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Walsworth Publishing : Integrating the Enterprise

August 4, 2009
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WHEN WALSWORTH Publishing set out to find software that would modernize its system and increase the consistency of its printing processes—without eating into its bottom line—little did it know that it was in line for a bonus. 

Not only did the system the company choose achieve efficiencies throughout its commercial printing runs, from sheetfed to webfed to digital, it was also the basis for integrating and updating the entire enterprise.

Walsworth, well-known for its school yearbooks, is also a printer of catalogs, textbooks, magazines and other specialty publications. It was founded in 1937 in Marceline, MO, and still operates there today with 1,250 employees worldwide and more than 650 employees who qualify as Master Printers. 

It has an extensive array of state-of-the-art color web and sheetfed presses, bindery, prepress and mailing equipment. The company’s Commercial Book Div. specializes in high-quality, four-color books, as well as trade books, military publications, and city and county histories.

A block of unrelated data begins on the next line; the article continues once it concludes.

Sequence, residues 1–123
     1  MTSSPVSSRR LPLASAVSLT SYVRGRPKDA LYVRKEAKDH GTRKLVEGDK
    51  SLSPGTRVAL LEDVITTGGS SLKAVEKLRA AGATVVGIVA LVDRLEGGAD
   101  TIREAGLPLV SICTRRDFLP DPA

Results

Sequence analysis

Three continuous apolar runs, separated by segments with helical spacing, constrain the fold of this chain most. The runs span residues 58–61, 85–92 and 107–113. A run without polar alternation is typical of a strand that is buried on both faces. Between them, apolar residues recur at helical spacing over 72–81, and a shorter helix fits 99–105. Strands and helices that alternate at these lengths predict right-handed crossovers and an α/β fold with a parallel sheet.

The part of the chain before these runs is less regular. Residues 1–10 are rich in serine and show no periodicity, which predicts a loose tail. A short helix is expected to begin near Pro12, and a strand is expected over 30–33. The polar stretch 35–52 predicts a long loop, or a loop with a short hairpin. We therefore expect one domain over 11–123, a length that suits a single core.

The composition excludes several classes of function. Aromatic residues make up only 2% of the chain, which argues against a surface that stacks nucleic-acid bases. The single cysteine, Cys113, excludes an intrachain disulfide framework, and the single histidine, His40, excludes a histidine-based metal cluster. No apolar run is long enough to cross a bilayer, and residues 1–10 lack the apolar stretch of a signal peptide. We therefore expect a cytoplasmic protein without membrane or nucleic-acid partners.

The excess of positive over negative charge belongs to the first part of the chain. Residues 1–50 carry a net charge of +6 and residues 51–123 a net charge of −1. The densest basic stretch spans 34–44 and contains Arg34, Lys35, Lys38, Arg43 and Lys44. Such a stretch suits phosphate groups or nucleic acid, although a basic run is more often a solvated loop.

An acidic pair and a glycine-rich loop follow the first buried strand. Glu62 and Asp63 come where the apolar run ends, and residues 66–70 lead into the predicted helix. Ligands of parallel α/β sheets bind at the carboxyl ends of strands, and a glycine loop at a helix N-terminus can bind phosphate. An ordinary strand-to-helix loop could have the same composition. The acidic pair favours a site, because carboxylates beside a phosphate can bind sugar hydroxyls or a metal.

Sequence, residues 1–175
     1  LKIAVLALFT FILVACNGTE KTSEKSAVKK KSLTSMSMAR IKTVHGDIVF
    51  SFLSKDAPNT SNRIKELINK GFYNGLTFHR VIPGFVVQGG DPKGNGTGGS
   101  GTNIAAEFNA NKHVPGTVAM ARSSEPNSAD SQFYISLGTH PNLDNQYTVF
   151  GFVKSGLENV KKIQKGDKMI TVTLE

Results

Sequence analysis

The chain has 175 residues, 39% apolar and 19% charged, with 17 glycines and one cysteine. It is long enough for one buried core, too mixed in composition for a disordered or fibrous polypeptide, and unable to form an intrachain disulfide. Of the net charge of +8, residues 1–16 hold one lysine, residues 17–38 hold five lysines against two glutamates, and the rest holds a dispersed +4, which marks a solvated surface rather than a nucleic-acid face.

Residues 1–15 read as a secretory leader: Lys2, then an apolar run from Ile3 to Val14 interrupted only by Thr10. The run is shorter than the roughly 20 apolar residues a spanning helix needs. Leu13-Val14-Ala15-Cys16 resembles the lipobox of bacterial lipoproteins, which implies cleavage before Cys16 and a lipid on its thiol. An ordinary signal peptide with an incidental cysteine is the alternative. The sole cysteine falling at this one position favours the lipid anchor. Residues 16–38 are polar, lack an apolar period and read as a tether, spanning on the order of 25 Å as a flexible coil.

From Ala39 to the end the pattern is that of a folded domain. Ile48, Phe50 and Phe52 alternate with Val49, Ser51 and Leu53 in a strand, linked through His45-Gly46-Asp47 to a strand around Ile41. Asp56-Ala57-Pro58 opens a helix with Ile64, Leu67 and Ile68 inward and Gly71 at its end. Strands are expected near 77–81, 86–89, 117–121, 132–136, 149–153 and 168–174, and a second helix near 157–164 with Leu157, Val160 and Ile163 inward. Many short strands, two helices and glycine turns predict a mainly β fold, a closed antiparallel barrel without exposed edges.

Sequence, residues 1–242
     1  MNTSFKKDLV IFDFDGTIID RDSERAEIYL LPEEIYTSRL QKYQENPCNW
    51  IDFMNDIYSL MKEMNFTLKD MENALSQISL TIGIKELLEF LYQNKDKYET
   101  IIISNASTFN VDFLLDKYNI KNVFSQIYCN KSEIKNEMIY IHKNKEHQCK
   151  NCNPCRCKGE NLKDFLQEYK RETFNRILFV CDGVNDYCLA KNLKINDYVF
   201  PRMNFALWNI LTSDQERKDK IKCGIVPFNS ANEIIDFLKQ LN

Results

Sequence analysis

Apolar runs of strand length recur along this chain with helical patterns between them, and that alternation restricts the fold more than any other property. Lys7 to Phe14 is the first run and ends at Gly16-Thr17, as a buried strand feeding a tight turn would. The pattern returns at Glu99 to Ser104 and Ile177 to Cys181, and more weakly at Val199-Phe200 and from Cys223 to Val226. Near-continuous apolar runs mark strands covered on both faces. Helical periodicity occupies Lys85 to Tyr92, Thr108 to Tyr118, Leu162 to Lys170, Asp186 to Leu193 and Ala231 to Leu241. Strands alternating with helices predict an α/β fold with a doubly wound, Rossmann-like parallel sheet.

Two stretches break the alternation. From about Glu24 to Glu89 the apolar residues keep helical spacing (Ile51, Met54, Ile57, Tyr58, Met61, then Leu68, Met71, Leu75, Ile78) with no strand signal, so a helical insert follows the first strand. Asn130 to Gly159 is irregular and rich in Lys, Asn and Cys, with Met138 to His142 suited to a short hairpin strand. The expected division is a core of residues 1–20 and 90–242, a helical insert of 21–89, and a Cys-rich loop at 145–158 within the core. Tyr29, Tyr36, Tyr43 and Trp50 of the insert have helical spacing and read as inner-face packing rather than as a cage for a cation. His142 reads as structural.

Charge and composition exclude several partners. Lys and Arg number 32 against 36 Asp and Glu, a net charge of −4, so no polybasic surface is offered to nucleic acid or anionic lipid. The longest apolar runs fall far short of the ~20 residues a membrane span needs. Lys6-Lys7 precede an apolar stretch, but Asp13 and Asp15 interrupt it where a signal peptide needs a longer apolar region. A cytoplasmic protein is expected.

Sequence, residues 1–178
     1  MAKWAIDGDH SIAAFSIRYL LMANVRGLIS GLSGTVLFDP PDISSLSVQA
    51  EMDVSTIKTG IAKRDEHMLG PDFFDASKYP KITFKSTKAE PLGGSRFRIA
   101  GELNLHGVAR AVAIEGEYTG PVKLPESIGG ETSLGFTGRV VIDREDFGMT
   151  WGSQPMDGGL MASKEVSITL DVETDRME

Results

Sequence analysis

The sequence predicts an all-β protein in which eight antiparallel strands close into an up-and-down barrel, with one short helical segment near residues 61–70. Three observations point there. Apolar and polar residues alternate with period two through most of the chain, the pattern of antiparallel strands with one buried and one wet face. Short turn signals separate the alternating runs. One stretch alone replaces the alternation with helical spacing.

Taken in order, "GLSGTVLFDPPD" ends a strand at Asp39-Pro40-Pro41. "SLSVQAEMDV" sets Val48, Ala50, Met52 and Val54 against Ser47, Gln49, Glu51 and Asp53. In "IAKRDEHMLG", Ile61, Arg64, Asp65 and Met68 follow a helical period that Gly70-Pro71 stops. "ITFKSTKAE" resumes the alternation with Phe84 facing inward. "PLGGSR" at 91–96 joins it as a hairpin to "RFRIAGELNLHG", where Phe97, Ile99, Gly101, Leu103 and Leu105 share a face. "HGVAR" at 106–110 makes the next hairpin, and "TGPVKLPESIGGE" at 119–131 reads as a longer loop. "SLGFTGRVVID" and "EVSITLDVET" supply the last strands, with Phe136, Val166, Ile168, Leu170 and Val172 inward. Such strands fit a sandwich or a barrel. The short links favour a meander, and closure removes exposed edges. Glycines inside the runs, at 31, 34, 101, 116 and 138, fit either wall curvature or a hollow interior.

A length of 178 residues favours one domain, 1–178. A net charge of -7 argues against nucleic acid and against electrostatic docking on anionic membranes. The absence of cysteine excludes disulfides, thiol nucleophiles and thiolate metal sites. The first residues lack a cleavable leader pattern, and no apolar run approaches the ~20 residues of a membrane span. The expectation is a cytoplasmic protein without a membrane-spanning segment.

In 2006, Grant Fritch, Walsworth’s prepress technology manager, was charged with leading the company’s enterprise-wide technology initiative aimed at achieving advances in customer communications, internal workflow and systems integration.

“Integration was high on our list of criteria,” he says. “We wanted the ability to communicate via JDF and XML—something with a standard plug. The capability of integration with our existing and future ERP was really important to us.”

Integrating Operations

When Fritch started doing his research, however, he realized that MIS at Walsworth had been created largely in-house. The result was that every department upgraded (or not), depending on its own needs as opposed to company-wide standards.

As in many businesses, each individual department—and function—had its own priorities, producing gaps in MIS applications that frustrated “big picture” solutions to technology issues. From sales to accounting to production, there had been no fully integrated approach.

So Fritch and his colleagues set out to find a way to apply the “single keystroke” principle that had eluded them thus far: one button that would connect key processes and one button that would also connect key company functions.

They studied systems designed for the printing industry—and even some that weren’t. The challenge? To acquire technology that would work seamlessly as a unit over four locations, 20 presses and 1,200 people, and make the $10 million investment they had made in hardware work even harder. 

 

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